Vertical Analysis

AAA

DEFINITION of 'Vertical Analysis'

A method of financial statement analysis in which each entry for each of the three major categories of accounts (assets, liabilities and equities) in a balance sheet is represented as a proportion of the total account. The main advantages of vertical analysis is that the balance sheets of businesses of all sizes can easily be compared. It also makes it easy to see relative annual changes within one business.

INVESTOPEDIA EXPLAINS 'Vertical Analysis'

For example, suppose XYZ Corp. has three assets: cash and cash equivalents (worth $3 million), inventory (worth $8 million), and property (worth $9 million). If vertical analysis is used, the asset column will look like:

Cash and cash equivalents: 15%
Inventory: 40%
Property: 45%

This method of analysis contrasts with horizontal analysis, which uses one year's worth of entries as a baseline while every other year represents differences in terms of changes to that baseline.

RELATED TERMS
  1. Balance Sheet

    A financial statement that summarizes a company's assets, liabilities ...
  2. Liability

    A company's legal debts or obligations that arise during the ...
  3. Consolidated Financial Statements

    The combined financial statements of a parent company and its ...
  4. Fundamental Analysis

    A method of evaluating a security that entails attempting to ...
  5. Asset

    1. A resource with economic value that an individual, corporation ...
  6. Equity

    1. A stock or any other security representing an ownership interest. ...
RELATED FAQS
  1. What are some of the advantages and disadvantages of absorption costing?

    Companies must choose between using absorption costing or variable costing in their accounting systems. There are advantages ... Read Full Answer >>
  2. What is the difference between the cost of capital and the discount rate?

    The cost of capital refers to the actual cost of financing business activity through either debt or equity capital. The discount ... Read Full Answer >>
  3. Does increasing health consciousness among consumers make investing in fast food ...

    An increase in health consciousness does not necessarily make investments in fast food companies unwise, as convenience is ... Read Full Answer >>
  4. Why does zero-based budgeting require ongoing evaluation and management?

    Zero-based budgeting must have ongoing evaluation and management due to the fact a zero-based budget requires management ... Read Full Answer >>
  5. What are Manchester United's (MANU) largest revenue sources?

    Manchester United is one of the most popular U.K. soccer teams. Its principal stadium is Old Trafford, located in the heart ... Read Full Answer >>
  6. What is the average price-to-earnings ratio in the chemicals sector?

    The price-to-earnings ratio (P/E) is an important valuation metric used in fundamental analysis. It tells investors how much ... Read Full Answer >>
Related Articles
  1. Personal Finance

    Breaking Down The Balance Sheet

    Knowing what the company's financial statements mean will help you to analyze your investments.
  2. Markets

    Introduction To Fundamental Analysis

    Learn this easy-to-understand technique of analyzing a company's financial statements and reports.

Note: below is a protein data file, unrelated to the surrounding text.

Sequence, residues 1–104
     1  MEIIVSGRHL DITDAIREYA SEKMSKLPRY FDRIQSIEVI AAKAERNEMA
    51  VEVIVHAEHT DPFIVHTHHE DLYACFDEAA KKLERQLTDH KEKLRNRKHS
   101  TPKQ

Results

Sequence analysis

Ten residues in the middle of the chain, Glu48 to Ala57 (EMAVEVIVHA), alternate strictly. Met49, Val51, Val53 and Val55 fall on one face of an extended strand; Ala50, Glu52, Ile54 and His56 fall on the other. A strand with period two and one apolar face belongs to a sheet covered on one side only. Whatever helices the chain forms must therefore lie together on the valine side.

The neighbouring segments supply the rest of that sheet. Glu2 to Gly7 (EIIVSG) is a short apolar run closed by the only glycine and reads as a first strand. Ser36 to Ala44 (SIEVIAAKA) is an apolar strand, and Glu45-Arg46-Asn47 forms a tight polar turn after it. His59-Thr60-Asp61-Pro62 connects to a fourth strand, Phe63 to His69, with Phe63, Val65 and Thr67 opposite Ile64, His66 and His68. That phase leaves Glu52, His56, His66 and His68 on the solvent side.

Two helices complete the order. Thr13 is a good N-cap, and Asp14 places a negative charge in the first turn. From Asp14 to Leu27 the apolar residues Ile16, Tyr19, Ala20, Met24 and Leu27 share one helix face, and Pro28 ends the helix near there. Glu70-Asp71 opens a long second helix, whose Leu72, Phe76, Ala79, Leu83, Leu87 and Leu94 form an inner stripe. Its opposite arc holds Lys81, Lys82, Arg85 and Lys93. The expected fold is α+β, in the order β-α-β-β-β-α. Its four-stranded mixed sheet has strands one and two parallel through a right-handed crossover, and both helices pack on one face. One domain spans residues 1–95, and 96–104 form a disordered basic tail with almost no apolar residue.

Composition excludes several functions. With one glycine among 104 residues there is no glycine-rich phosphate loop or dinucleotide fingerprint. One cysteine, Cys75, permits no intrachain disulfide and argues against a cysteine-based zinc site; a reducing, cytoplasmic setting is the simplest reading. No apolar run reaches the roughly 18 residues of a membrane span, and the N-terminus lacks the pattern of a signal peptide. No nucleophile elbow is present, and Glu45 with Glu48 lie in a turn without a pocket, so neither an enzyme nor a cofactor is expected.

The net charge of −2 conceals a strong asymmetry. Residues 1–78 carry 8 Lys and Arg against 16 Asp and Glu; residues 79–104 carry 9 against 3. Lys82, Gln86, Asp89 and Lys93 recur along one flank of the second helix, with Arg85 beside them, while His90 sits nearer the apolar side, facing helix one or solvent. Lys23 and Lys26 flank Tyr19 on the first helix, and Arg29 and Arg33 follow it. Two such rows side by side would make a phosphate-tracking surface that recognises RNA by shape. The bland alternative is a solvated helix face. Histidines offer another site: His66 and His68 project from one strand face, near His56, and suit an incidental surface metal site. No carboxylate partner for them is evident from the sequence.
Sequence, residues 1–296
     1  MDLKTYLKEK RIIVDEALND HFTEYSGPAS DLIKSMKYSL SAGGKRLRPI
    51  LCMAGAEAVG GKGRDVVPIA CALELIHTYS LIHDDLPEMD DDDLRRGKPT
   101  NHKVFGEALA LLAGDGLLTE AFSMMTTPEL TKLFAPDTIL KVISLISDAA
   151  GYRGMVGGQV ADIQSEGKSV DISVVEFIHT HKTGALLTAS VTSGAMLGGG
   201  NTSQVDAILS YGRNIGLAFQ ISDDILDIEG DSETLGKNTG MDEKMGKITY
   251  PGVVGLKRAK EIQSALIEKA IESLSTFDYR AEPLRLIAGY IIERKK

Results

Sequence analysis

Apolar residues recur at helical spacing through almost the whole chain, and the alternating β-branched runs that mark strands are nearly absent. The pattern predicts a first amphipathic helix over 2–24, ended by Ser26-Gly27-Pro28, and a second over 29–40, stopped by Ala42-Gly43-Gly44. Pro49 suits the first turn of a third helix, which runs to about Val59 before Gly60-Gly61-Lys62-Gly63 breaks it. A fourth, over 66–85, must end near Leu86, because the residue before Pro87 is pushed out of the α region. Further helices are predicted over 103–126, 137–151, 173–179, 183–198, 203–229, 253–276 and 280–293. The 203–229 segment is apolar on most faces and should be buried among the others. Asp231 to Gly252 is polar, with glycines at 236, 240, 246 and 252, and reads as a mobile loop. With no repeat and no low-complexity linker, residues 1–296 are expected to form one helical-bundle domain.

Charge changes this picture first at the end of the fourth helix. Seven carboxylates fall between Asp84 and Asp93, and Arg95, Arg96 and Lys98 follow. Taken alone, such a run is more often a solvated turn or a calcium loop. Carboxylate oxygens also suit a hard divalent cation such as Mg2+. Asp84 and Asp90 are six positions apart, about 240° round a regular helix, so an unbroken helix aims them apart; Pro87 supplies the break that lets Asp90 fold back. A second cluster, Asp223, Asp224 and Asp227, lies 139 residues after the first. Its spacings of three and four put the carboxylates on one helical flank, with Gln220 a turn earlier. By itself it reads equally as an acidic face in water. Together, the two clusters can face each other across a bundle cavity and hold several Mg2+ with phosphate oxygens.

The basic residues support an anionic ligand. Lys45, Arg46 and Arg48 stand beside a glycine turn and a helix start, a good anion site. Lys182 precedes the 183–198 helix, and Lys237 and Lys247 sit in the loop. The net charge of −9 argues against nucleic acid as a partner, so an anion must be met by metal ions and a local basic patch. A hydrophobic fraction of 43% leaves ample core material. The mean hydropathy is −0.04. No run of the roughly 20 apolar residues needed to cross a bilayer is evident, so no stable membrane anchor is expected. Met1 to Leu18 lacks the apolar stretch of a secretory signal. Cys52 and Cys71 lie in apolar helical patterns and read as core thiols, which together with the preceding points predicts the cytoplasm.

3. Options & Futures

    Advanced Financial Statement Analysis

    Learn what it means to do your homework on a company's performance and reporting practices before investing.
  4. Home & Auto

    Buying a Home? The Best Places Share This Feature

    The most lucrative areas to invest in a home are cities where job growth is robust.
  5. Technical Indicators

    6 Stocks for Millennials (or Anyone)

    Savvy Millennial investors looking for long-term winners should take a look at these stocks.
  6. Personal Finance

    Top Healthcare, Medical Equipment Stocks of 2015

    A short list of the top healthcare and medical equipment stocks of 2015.
  7. Investing Basics

    Explaining Write-Downs

    A write-down is a reduction in the book value of an asset because it is overvalued compared to the market value.
  8. Investing

    What A Rate Hike May Mean For Stocks

    By the end of the year, investors will likely be contending with the first Federal Reserve (Fed) rate hike in nearly a decade.
  9. Fundamental Analysis

    How to Calculate a Coverage Ratio

    In broad terms, the higher the coverage ratio, the better the ability of the enterprise to fulfill its obligations to its lenders.
  10. Technical Indicators

    Will These High-Flying Stocks Stay Hot in 2015?

    These 10 stocks were on fire in 2014. Will they stay hot?

You May Also Like

Hot Definitions
  1. Stop-Loss Order

    An order placed with a broker to sell a security when it reaches a certain price. A stop-loss order is designed to limit ...
  2. Covered Call

    An options strategy whereby an investor holds a long position in an asset and writes (sells) call options on that same asset ...
  3. Butterfly Spread

    A neutral option strategy combining bull and bear spreads. Butterfly spreads use four option contracts with the same expiration ...
  4. Unlevered Beta

    A type of metric that compares the risk of an unlevered company to the risk of the market. The unlevered beta is the beta ...
  5. Moving Average - MA

    A widely used indicator in technical analysis that helps smooth out price action by filtering out the “noise” from random ...
  6. Yield Curve

    A line that plots the interest rates, at a set point in time, of bonds having equal credit quality, but differing maturity ...
Trading Center